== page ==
We are blessed at our shelter to have two large exercise yards. They are big enough for our dogs to run around with other dog friends, and for them to engage with volunteers and staff members in games and socialization. Dogs who stay with us for only a few weeks thoroughly enjoy exploring our yards, however, when dogs need to stay with us for extended periods of time, these yards quickly lose their excitement and our dogs become bored. Our goal is to use the majority of our grant to construct a creative, fun, and exciting space for our dogs to explore, where they will never lose their zest for life. This enrichment yard will keep them engaged and exploring every time they come out of their kennels, so that they can remain adoptable, and even learn new behaviors to increase their adoptability. The enrichment yard has several sections: a pool for the dogs to swim in, a tunnel to run through, a play structure to climb, a zip line where toys and food can be dangled and played with, tires filled with different materials to explore, and tire structures to play on/in.
How many pets did this grant help?
Please provide a story of one or more specific pets this grant helped.
Winston (first photo) is one of our longer-term residents. He is an adult pit bull mix who takes a long time to warm up to new people. We knew when we met him that he would take quite some time to find the right home, but we knew he would be worth the effort to find him that family. He entered a training program and we began to see steady improvement. After a few months of training, Winston was officially ready to be adopted, and now it is just a waiting game. He is ready for his family but we must wait for a family to be ready for him. This may take a few more weeks, months or, unfortunately, maybe even years. In that time we want to guarantee that he is still mentally sound and ready for adoption even after living in a shelter environment. The new enrichment yard has been amazing for him! Every day outside is now a new adventure. He dives in the tunnels, chases the toys from the zip line, and explores the different surfaces (his favorite is the hay!). He is pictured in the first photo enjoying his new favorite spot in the yard. Instead of being bored during his outdoor time, he now runs, plays and explores, which will keep his mind fresh for months to come so he will still be adoptable when his family finally finds him! Meet Winston: http://www.petfinder.com/petdetail/31305582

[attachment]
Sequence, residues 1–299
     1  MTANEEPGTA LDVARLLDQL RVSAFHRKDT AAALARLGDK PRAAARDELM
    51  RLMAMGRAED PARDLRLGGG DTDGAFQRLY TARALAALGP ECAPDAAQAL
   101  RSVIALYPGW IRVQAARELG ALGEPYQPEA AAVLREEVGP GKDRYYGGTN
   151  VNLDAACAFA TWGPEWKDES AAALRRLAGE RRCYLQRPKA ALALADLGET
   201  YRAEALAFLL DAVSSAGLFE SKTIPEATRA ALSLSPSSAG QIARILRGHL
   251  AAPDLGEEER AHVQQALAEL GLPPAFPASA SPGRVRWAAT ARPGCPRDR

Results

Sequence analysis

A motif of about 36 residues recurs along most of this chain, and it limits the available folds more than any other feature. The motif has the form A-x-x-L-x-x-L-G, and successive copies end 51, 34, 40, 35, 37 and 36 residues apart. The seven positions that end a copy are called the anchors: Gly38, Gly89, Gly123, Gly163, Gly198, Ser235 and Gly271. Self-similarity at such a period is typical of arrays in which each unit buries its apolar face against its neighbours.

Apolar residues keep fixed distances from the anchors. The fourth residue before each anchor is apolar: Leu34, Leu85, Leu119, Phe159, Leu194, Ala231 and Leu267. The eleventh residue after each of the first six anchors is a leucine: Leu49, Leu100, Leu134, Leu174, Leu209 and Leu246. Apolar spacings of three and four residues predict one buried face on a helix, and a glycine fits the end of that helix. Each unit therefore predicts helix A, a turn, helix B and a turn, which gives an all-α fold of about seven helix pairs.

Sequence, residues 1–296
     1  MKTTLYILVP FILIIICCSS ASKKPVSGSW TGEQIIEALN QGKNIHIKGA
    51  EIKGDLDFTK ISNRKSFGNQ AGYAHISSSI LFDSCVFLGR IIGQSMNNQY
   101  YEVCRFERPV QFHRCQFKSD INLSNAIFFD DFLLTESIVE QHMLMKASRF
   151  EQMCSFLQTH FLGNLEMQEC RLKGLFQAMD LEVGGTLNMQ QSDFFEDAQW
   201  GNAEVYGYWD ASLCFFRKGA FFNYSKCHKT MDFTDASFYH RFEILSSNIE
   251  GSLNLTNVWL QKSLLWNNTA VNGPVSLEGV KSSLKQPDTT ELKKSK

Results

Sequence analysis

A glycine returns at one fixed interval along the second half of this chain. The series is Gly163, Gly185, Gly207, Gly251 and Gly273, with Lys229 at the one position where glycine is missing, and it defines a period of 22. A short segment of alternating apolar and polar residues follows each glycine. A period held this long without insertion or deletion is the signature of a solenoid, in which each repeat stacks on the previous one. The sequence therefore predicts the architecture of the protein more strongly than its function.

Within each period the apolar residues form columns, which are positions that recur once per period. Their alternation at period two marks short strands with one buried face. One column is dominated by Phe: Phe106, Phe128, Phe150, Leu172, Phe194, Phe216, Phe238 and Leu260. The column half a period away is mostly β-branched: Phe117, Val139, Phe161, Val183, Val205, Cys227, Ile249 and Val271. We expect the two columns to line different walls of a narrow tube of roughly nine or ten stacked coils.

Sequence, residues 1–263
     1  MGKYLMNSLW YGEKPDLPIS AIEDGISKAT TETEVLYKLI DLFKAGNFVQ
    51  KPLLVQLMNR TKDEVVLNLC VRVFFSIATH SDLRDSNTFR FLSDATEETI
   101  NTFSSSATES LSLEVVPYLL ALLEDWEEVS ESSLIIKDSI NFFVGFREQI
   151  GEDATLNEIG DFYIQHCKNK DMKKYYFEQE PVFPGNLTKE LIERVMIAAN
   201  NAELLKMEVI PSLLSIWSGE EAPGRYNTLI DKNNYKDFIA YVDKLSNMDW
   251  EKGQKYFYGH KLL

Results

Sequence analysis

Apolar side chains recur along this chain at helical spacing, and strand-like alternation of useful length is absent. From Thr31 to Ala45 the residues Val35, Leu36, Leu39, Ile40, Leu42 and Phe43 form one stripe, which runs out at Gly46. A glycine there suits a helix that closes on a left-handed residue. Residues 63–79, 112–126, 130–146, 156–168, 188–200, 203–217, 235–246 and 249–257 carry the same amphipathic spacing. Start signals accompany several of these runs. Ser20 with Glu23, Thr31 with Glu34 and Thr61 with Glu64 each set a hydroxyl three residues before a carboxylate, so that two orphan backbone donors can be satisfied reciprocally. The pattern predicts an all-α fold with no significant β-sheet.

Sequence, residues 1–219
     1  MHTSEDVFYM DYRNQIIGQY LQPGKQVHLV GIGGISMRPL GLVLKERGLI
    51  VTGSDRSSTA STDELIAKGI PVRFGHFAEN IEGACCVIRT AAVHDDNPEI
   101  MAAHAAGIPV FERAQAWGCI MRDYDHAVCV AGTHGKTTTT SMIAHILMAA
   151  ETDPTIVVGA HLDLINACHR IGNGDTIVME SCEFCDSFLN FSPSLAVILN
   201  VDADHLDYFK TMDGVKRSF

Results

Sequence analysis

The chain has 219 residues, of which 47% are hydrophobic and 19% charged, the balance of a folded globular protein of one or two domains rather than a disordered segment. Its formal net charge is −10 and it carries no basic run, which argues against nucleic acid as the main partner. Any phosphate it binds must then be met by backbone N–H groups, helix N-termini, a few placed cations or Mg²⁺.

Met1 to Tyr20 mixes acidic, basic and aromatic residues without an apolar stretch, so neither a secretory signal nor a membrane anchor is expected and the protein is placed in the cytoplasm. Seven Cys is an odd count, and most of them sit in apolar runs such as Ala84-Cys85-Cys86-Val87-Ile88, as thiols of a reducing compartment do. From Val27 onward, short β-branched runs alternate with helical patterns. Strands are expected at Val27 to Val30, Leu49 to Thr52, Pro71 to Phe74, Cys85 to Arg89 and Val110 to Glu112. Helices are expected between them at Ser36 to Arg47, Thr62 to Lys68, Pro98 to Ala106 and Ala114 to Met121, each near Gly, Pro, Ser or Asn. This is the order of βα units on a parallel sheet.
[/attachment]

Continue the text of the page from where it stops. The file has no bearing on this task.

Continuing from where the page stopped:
Tampa (second photo) arrived at Adopt-A-Dog as a 3-month-old puppy with kennel cough. Once he was done with his quarantine and treatment and finally healthy, he was 4 months old and no longer as desired by adopters. He was now a larger, mouthier puppy who needed an experienced owner. Growing up in a shelter is incredibly detrimental to a puppy’s development. They don’t learn the behaviors necessary for a home as quickly, and they are more difficult to house train. Tampa was quickly becoming more energetic and needed to be kept busy in his kennel run in addition to his normal hour of exercise a day. We got him enrichment toys, which kept him busy and entertained all day long, so that when his perfect home came along, he was able to meet them calmly, rather than overstimulated. His new family was so impressed by his behavior when they met him, even after he had been at our shelter for three months, that they took him home that day! The third photo is Tampa with his new dad.
Panda (fourth photo) was found in an abandoned building in a crate and terrified after having been there for some time. When she came to our shelter, she was very scared of the world. Normally we would socialize our dogs by bringing them to new locations and having them meet people at events. Panda, however, was just too shut-down to enjoy going off-property. Having the enrichment yard gave Panda a chance to explore new things on safe ground. She was initially scared of all the new materials, but each day she came out of her shell more and more until she had enough confidence to finally go off-property. Now Panda can go on adventures to the beach, and when her forever family finds her, she will be ready to go home with them with confidence! The fourth photo is of Panda playing in the yard. UPDATE April 2017: Panda has been adopted!